A very different sort of reconciliation is provided by Georg Wilhelm Friedrich Hegel (1770–1831), whose philosophy courageously addresses the central problem of modernity—the idea of progress—that conservative thought either chose to veil (like Burke) or to deny (like de Maistre). The conservative suspicion of progress is that it denies the present in pursuit of the future. A restless and limitless ambition for change, based on an abstract model of human experience, makes modernity into a political project to be implemented rather than a process (for good and ill) to be understood. The French Revolution was such a political project, and Hegel attempts to map the lineage and the lineaments of the modern state in order to contain the destructive potential of the ideal of emancipation (that Hegelianism was not the project of modernity, the fulfillment of which demanded a new science of revolution, was well understood by that most insightful student, Karl Marx). On the conviction that the rational is actual and the actual is rational, Hegel argues in The Philosophy of Right (1821), the "plain man like the philosopher takes his stand." The task of the philosopher is to reveal the rationality of the common-sense intuition of the plain person. Hegel does not approve an institution on the basis of Burkean prescription—that its survival alone is sufficient justification of its rationality—but on the basis of its conformity with the rational self-understanding of the age. Such rationalism and historicism sit uneasily with conservative traditionalism, which often despises the self-understanding of the age and believes that the best reason for a practice is that no reason need be given. Despite his philosophical ambivalence, Hegel's appeal to the conservative is twofold. His reflections satisfy the need to feel that the enjoyment of present liberties is meaningful and should not be sacrificed to some abstract "ought to be." They also satisfy that deep desire to arrest the disturbing uncertainties of modern life within stable political institutions. Ironically, it has been these emotional satisfactions rather than his rational metaphysical system that constitute Hegel's enduring attraction to conservative thinkers.
The Challenge of the Modern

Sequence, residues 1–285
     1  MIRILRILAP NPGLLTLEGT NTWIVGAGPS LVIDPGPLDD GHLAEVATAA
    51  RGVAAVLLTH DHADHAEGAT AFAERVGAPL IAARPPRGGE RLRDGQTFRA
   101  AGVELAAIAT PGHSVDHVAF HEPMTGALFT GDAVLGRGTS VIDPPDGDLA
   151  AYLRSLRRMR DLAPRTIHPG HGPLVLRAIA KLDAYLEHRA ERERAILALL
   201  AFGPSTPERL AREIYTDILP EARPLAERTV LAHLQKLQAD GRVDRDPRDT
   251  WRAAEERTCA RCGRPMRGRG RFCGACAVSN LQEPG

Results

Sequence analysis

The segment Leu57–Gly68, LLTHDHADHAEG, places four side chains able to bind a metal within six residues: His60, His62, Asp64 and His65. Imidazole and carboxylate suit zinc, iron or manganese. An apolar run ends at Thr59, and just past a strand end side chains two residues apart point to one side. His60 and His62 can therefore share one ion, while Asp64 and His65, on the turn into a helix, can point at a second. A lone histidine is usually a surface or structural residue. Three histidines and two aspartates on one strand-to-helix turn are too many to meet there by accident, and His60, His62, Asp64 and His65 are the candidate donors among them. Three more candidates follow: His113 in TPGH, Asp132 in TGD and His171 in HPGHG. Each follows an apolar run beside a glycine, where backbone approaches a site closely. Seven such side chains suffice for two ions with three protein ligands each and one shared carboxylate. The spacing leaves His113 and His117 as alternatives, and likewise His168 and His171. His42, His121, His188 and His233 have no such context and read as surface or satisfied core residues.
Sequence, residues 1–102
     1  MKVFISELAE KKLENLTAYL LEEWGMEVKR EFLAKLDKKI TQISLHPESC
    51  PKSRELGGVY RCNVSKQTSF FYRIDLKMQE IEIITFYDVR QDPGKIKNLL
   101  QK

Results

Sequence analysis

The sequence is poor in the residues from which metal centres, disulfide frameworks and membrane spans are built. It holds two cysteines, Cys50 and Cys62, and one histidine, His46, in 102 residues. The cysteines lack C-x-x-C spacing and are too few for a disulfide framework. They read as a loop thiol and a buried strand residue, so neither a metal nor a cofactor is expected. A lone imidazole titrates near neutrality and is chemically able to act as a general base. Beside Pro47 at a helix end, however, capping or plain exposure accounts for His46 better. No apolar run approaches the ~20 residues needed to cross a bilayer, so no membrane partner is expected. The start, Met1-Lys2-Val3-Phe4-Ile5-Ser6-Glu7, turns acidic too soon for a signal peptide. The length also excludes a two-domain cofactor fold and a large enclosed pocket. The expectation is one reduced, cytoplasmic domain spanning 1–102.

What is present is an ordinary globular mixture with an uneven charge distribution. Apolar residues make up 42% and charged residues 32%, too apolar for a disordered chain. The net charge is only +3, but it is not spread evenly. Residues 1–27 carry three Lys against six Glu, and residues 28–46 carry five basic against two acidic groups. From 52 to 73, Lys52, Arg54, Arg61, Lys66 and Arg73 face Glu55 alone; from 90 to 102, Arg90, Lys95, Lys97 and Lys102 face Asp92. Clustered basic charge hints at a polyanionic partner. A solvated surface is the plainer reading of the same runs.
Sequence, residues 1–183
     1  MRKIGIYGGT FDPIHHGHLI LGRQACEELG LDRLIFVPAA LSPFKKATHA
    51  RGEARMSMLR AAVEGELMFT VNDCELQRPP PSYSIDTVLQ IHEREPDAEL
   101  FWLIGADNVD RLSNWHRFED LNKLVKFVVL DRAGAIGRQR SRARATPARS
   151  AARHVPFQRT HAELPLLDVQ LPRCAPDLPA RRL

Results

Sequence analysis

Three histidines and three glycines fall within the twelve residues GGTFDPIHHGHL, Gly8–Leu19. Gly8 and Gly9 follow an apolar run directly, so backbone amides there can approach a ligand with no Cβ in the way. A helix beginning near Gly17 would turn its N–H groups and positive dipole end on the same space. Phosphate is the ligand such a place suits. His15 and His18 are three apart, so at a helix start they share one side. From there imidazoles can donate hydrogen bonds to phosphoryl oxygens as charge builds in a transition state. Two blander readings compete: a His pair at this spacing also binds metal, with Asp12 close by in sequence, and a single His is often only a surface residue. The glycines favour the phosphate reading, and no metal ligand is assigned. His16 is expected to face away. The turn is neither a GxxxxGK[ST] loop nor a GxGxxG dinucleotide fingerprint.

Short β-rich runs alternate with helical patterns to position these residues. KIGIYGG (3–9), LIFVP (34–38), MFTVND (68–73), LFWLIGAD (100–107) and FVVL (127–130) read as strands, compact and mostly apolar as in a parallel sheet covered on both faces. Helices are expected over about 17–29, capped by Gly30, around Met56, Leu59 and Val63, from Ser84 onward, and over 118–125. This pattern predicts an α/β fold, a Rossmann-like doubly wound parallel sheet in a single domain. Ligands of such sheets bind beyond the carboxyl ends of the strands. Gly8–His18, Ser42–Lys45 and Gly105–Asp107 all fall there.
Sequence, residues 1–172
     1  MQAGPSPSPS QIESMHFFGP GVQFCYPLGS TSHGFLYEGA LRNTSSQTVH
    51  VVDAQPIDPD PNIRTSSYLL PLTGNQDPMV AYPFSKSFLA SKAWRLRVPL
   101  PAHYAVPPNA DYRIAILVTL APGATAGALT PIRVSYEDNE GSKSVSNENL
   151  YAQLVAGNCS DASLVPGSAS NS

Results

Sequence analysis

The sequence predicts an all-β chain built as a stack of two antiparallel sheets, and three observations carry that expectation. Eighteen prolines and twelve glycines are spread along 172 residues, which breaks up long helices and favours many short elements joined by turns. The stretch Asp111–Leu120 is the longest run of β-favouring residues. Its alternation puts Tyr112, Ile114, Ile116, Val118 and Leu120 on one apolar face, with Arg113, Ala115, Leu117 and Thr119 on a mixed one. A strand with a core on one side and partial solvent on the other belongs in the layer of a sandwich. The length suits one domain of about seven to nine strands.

If there has been a specter haunting conservatism in modern times, it is the specter of "mass society." The fear of mass society is a product of two related possibilities. The first is the disintegration of traditional allegiances in the name of liberation and personal freedom. Since conservatives hold that such allegiances are the condition of identity, the consequence would be the loss of individuality. Liberalism, ironically, promotes the death of liberty. The second fear concerns the manipulation of that disintegration by ideologies that promise material satisfaction in return for absolute political power. Having destroyed individuality, mass society would demand abasement before the secular image of its collective power, the state. Socialism, ironically, promotes the death of the social.
In the nineteenth century and for much of the twentieth century, conservatism defended property, religion, and family as bulwarks against the feared drift to "mass" society in which the decencies of civilized life would be subverted by popular barbarism. This disposition helps to capture what is distinctive about the conservative idea of the nation, the one form of popular politics to which it not only adapted but which it also helped to define. For conservatives, the nation is understood as a political community united in acceptance of the legitimacy of traditional political arrangements. The "people" is not some abstract category but the historic nation in its regional and social variety, with its traditional beliefs, particular affections, and long-standing prejudices. To be conservative is another way of professing one's sympathy for the "real" character of the nation, and like de Maistre, conservatives would agree that they have met the French, English, Germans, or Americans but have yet to meet "Humanity."
In rejecting the universal claims of radical politics, conservatism has been compelled to identify exactly what it is that makes the nation distinctive. What differentiates conservatism from right-wing ideologies is the nature of that distinctiveness. In right-wing thought the idea of the nation serves to mobilize the people in order to assert its distinctive purity, honor, and greatness. In conservative thought, the idea of the nation serves to foster piety toward its distinctive social and political institutions. This differentiation has nothing to do with the intensity of national feeling. It has to do with the source of national feeling. Right-wing thought locates it in the will of the people. Conservatism locates it in the inherited practices of a way of life and has been concerned to limit the popular will in the name of tradition and order. In Europe between the two world wars, conservatism was outflanked by radical right-wing movements because an appeal to tradition and order appeared irrelevant in conditions of economic collapse and social disintegration. The sense of political decadence made an ideology of popular salvation, like fascism, a powerful alternative to traditional conservative patriotism. Britain was the exception, and the experience of British conservatism was thought to illustrate the distinction between the politics of the moderate right and the politics of the extreme right.